I am deeply concerned that the protection of children identified as victims of modern slavery or human trafficking is not of primary concern in the Bill. I note again that not all children who are in modern slavery or human trafficking are brought into this country from outside. Some are born and raised here but find themselves held in slavery. This is a safeguarding matter, not an immigration matter, and the legislation should recognise that children require special protection. They are covered by the Children Act 1989, as the noble and learned Baroness, Lady Butler-Sloss, pointed out earlier. Why on earth is there no specific provision for the greater protection of children despite all our international and domestic obligations? As with many other parts of the Bill, it is simply not satisfactory for a Minister to rely on unscrutinised guidance at a later date, applied on a case-by-case basis. Safeguards must be built into legislation so there is no doubt that children receive the protection they deserve and that this is not left to chance. Can the Minister say when the guidance will be produced so that it can be properly scrutinised, and how can he reassure us that children are properly protected?
Extracts from other speeches on amendment 70ZA:
Lord Coaker (Lab): Turning to Amendment 70ZA, in my name and those of the noble Baroness, Lady Hamwee, and the right reverend Prelate the Bishop of Durham, I do not understand why something in the Bill would treat children in exactly the same way as adults. It is just beyond belief that the Government consider doing that. Indeed, in Committee, the Minister, the noble Lord, Lord Wolfson, said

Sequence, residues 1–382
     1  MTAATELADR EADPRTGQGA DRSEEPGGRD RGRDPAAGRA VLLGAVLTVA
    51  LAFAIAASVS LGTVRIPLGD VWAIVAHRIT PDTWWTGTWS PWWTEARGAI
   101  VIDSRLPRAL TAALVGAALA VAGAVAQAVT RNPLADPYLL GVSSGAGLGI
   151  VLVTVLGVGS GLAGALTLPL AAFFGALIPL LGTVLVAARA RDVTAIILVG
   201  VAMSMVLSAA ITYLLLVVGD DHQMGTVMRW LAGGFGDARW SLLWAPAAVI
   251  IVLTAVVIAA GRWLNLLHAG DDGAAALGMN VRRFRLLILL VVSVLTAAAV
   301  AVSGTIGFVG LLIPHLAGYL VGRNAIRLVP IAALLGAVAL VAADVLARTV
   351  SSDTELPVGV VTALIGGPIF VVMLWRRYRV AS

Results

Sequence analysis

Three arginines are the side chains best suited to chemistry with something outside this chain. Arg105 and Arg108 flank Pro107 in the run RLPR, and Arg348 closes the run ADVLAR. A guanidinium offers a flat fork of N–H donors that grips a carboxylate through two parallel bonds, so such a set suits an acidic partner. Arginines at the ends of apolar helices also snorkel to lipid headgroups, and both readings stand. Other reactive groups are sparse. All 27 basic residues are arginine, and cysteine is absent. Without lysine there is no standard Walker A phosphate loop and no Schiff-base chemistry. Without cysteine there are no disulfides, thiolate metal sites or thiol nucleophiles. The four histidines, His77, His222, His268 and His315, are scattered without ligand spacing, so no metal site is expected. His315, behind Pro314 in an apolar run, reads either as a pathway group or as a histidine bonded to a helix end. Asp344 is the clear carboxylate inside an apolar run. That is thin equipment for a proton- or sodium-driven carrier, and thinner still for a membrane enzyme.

“it would be wrong in principle to create a carve-out for any one group of individuals, and to create a two-tiered system based … on age”.—[Official Report, 10/2/22; col. 1845.]
I do not often fundamentally disagree—well, I do—but on this issue, I cannot say how much I disagree with that comment. I just cannot understand it. The noble Lord is a distinguished lawyer and barrister. The law treats people differently on the basis of age; why? It does so for reasons that are well established, yet in this Bill, with respect to slavery we are treating people of any age in exactly the same way. It is nonsensical; it generates disbelief. I cannot understand why anybody would do it. Should the House divide, I hope that noble Lords will support it.
Lord Wolfson of Tredegar (Con): Those amendments, and Amendment 70ZA, do not make sense from the point of view of making the NRM an efficient, transparent and fair process. They display a lack of understanding about how the NRM works, where, in line with the low threshold for referral—I will come back to the thresholds later—we simply require relevant information at an early stage, even of a limited nature, to enable key issues to be identified from the outset. That allows early access to support and gives decision-makers a clearer picture of the individual’s experience, which in turn means a more comprehensive decision, to be taken in the round, including, crucially, the victim’s age when the relevant exploitation took place.
Perhaps more than any other group, children will benefit from early identification and protection, and from having decisions made in respect of their status and their support with as full an awareness of relevant facts and context as possible. In response to the concerns of the noble Lord, Lord Coaker, echoed by the right reverend Prelate the Bishop of Durham, we see no benefit to child victims in them raising modern slavery issues after any asylum or protection decisions have been made. That would only delay their ability to access the support and protection that they need.
I have read widely the briefings which I and other noble Lords have received, and seen that critics have argued, as has been said, that the clause will stop victims from coming forward. We do not see how a clause that encourages early disclosure of information and early identification, where any negative credibility implications are non-determinative and apply only when there are no good reasons for delay, would discourage victims from coming forward. As to evidence, I say again that the measure will allow for early identification, and we do not want victims to have to describe the same events repeatedly.